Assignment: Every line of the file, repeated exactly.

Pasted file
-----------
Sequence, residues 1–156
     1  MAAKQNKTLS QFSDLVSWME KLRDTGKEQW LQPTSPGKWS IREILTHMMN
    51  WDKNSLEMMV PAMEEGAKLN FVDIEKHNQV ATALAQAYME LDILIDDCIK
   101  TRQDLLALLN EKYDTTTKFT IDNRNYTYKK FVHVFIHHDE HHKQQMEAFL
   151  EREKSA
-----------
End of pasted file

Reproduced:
Sequence, residues 1–156
     1  MAAKQNKTLS QFSDLVSWME KLRDTGKEQW LQPTSPGKWS IREILTHMMN
    51  WDKNSLEMMV PAMEEGAKLN FVDIEKHNQV ATALAQAYME LDILIDDCIK
   101  TRQDLLALLN EKYDTTTKFT IDNRNYTYKK FVHVFIHHDE HHKQQMEAFL
   151  EREKSA